Amazon’s annual Prime Day, which started on July 16 and lasted for a mere 36 hours, proved to be a record-breaking ecommerce event. While there were some technical hiccups and outages (the cost of which was more than outweighed by the flood of shoppers that caused it), Amazon Prime Day 2018 broke records when everything was said and done. Amazon as a whole saw a $1 billion increase over last year, selling more than 100 million products, with their own Echo and Firestick leading the charge.
Most sellers expected to see a lift in sales during Prime Day, but what does the sales data show? We analyzed our clients’ performance to see what sort of growth the event brought in.
On average, EXCLUSIVE clients saw a 51% increase in daily revenue for Prime Days compared to the daily average for the week leading up to the holiday. While this was split relatively evenly between the days in aggregate, the average client saw the majority of their growth come from either Monday or Tuesday, with the other seeing minimal gains. Across accounts, we saw an average of 59.6% of sales from the event localized to one of the two days.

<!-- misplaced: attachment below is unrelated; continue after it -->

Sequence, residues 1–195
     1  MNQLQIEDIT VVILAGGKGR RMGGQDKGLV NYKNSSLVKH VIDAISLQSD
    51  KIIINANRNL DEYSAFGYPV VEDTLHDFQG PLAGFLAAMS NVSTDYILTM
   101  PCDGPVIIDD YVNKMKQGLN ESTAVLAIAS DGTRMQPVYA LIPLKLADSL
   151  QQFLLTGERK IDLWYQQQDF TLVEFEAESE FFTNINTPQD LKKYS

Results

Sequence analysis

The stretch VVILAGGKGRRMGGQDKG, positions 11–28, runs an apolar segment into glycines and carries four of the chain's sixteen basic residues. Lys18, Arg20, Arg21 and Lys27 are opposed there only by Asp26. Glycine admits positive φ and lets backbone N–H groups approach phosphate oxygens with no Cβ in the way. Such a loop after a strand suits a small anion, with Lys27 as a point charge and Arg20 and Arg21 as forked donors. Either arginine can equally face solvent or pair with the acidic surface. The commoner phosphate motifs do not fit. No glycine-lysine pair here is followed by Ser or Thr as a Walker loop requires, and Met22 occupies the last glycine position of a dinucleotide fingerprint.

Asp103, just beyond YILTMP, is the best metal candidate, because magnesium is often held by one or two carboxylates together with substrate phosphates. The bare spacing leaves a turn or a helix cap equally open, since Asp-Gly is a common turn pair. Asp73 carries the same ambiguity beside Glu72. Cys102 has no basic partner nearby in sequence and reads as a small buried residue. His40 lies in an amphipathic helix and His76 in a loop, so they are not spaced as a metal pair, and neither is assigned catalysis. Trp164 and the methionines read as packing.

We did note that accounts that chose to not run any discounts saw a significantly lower lift than of sellers that did run promotions, by a rate of approximately 50 percent. Tuesday did not see a significant change, but Monday sales showed to be highly improved by running additional promotions.
Prime Day is going to come back even stronger in 2019. It will be important to prepare for the day with the following steps:
- Enable your account for promotions to help maximize sales
- For strategic products, apply for Lightning Deals to grow brand visibility and sales velocity
- Roll out a product-specific Sponsored Products strategy that can enable custom bidding for sale items versus non-sale items
For help with all of your Amazon campaigns, don’t hesitate to sign up for a free analysis of your store by one of our pros.
Mike Frekey is the Director of Applied Data at EXCLUSIVE, and is always looking at the latest trends and changes within Amazon. When he’s not experimenting with the best strategies to grow Amazon merchants, he’s a fantasy football fanatic and is trying to trade away Coby Fleener.